How Vitamin D Can Impact Your Fertility
Even if you have a balanced diet and are taking a prenatal or multi-vitamin, chances are you are not getting enough Vitamin D. Sometimes nicknamed the “the sunshine vitamin,” Vitamin D predominantly enters our bodies via the sun, which is absorbed by our skin and converted to a usable form by cholesterol. Unfortunately, this route also poses risks in exposure to ultraviolet B (UVB) that can be harmful in large doses. That is why it is essential for men and women who may be deficient to get routinely screened for Vitamin D levels and take supplements as directed by a provider.
The Importance of Vitamin D
Extensive research has shown that Vitamin D is critical to the overall health and well being of our bodies. In addition to regulating calcium levels, it has been widely proven that Vitamin D plays a dramatic role in managing and even preventing some chronic diseases like diabetes, obesity, autoimmune disease, cardiovascular disease and cancer.
What Exactly is Vitamin D
The CDC defines Vitamin D as a group of fat-soluble seco-sterols found naturally only in a few foods, such as fish-liver oils, fatty fish, mushrooms, egg yolks, and liver. The benefits of Vitamin D are vast. It maintains healthy bones, supports healthy immune and nervous systems, regulates insulin levels, helps in diabetes management, and aids in cancer prevention. It can be easy to forget that our bodies need enough Vitamin D to function and work properly. When your body is not receiving enough Vitamin D, symptoms can include muscle weakness, hair loss, and fatigue, and can be caused by diet or not enough exposure to sun.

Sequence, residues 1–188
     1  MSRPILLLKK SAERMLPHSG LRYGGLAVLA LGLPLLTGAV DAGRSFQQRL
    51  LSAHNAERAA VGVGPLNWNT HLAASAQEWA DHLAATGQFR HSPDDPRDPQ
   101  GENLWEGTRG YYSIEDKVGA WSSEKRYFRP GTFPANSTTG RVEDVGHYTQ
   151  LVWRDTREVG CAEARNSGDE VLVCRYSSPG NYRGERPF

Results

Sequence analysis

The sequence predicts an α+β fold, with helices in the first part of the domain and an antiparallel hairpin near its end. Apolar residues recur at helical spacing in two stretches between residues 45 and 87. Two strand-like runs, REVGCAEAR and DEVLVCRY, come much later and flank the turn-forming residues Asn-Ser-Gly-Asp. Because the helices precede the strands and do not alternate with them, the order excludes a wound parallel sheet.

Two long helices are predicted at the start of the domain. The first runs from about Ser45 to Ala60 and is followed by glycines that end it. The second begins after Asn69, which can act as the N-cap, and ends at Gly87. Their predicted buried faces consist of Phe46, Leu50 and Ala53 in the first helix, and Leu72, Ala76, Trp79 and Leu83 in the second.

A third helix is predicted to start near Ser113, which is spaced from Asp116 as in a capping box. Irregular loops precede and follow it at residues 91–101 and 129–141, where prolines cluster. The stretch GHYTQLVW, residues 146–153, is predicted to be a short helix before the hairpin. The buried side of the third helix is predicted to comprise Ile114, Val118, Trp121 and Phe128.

The connection to Vitamin D and Fertility
In a study from the University of Birmingham, researchers found that women with normal levels of Vitamin D were 34 percent more likely to have a positive pregnancy test, 46 percent more likely to achieve a clinical pregnancy and a third more likely to have a live birth than women with low levels of Vitamin D. Additionally, those who take Vitamin D may experience fewer conditions such as preeclampsia, postpartum bleeding and complications during labor.
Though the link between a woman’s Vitamin D level and fertility is not conclusive, studies have shown there may be benefits to elevating Vitamin D levels before trying to conceive. With any study, there are many factors that could impact the results and data can be subjective. But with the findings that Vitamin D could link to fertility and its overall health benefits, it is recommended to evaluate and see where there can be improvements.
And it doesn’t stop at women – Vitamin D deficiency is also linked with decreased fertility in men. Sperm motility has been shown to improve by taking Vitamin D supplements and is highly recommended to have levels checked if infertility is suspected.
Can I get Enough Vitamin D from Food?
Surprisingly, there are only a few foods that naturally contain any Vitamin D. They include fatty fish like salmon, foods fortified with Vitamin D, including some dairy products, orange juice, soy milk, and cereals, beef liver, cheese and egg yolks. It’s almost impossible to get the levels of Vitamin D that your body needs just from food sources alone, so supplements are always recommended.
With constant advancement and new studies emerging regularly, knowing what works for you can get overwhelming when it comes to the “dos and don’ts” of nutrition, diet and supplementation when trying to conceive. Be sure to consult a trusted provider before making any changes to your diet to determine what the best game plan is for your unique fertility journey.